By Robert MacPherson (AFP) – Feb 22, 2012
WASHINGTON — Lawmakers in Virginia, faced with a national uproar approved a watered-down version of a hotly contested bill requiring women to undergo an ultrasound prior to an abortion.
By a 65-32 vote, the Republican-dominated House of Delegates gave its green light to 11th hour revisions proposed by Governor Bob McDonnell to tame the furor over the so-called "informed consent" legislation.
In its original form, every Virginia woman seeking an abortion would have had to submit to a transvaginal ultrasound, in which a probe is inserted deep into the vagina.
The resulting fetal image would remain in a woman's medical file for seven years, and any doctor who failed to perform an pre-abortion ultrasound would be liable to prosecution and fines.
But under pressure from pro-choice activists, and stinging ridicule from late-night television comics, McDonnell tweaked the bill to make only non-intrusive abdominal ultrasounds mandatory.
A doctor could still recommend a transvaginal ultrasound, and a woman could lawfully refuse to have one.
"It is clear that in the majority of cases, a routine external, transabdominal ultrasound is sufficient to meet the bill's stated purpose, that is, to determine gestational age," he said in a statement.
"Mandating an invasive procedure in order to give informed consent is not a proper role for the state," added McDonnell, a Roman Catholic father of five and a rising star in the Republican party.
"No person should be directed to undergo an invasive procedure by the state, without their consent, as a precondition to another medical procedure."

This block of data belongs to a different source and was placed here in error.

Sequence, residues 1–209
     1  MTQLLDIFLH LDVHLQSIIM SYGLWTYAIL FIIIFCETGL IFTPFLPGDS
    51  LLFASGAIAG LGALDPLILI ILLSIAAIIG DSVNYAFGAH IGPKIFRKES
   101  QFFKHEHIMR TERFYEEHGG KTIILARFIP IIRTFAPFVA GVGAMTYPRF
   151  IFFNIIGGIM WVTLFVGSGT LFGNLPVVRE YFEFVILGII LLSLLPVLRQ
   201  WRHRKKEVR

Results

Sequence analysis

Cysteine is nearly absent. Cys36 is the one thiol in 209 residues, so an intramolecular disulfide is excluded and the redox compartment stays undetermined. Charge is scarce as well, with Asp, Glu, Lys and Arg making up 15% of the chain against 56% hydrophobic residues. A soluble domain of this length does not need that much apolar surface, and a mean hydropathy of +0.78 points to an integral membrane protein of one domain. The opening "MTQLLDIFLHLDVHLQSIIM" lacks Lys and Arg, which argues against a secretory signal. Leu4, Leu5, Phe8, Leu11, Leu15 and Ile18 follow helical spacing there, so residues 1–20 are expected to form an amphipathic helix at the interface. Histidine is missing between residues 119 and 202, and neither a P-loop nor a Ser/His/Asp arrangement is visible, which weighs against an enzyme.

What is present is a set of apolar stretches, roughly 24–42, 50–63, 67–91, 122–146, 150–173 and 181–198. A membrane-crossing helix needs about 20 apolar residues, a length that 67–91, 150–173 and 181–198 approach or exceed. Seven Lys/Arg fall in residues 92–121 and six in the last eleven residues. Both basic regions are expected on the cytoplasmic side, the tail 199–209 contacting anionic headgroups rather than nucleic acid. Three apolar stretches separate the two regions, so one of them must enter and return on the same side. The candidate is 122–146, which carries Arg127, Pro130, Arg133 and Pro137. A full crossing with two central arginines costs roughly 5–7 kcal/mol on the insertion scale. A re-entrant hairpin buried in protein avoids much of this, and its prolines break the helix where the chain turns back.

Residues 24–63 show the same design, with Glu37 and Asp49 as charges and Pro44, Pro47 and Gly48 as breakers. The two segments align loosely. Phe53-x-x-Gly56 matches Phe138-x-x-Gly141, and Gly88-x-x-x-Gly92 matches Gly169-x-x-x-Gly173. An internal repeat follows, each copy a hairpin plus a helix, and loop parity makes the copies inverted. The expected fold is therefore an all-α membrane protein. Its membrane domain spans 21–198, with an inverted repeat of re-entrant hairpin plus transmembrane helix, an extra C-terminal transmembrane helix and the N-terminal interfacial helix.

Seven other states have pre-abortion ultrasound laws, but Virginia's initiative unleashed particular furor as abortion fast becomes a major issue in the November presidential election race.
The US Supreme Court legalized abortion nationwide in its landmark Roe versus Wade decision in 1973, ruling that abortion was a strictly private matter between a woman and her doctor.
Democratic legislators tried Wednesday to get a final vote on the Virginia bill postponed for a third day running, saying they needed time to review the governor's amendments. But their Republican peers blocked their motion.
"This is a prime example why legislatures should not walk into a doctor's office and dictate things," said Democratic delegate Charniele Herring, a strident critic of the bill.
Even in its revised form, she said, women who find themselves pregnant as a result of rape would still be forced to undergo an ultrasound.
Fellow Democrat Jennifer McClellan explained that an abdominal ultrasound would be "utterly useless" in the early stages of pregnancy because "all you will see is muscle."
On Monday, two days after the original bill was mocked on NBC's "Saturday Night Live," more than 1,000 of its opponents descended in protest on the state capitol in Richmond, demanding that it be scrapped.
Earlier this month, 55 percent of 1,018 Virginian adults responding to a Richmond Times-Dispatch public opinion survey said they opposed mandatory pre-abortion ultrasounds. Thirty-six percent were in favor.
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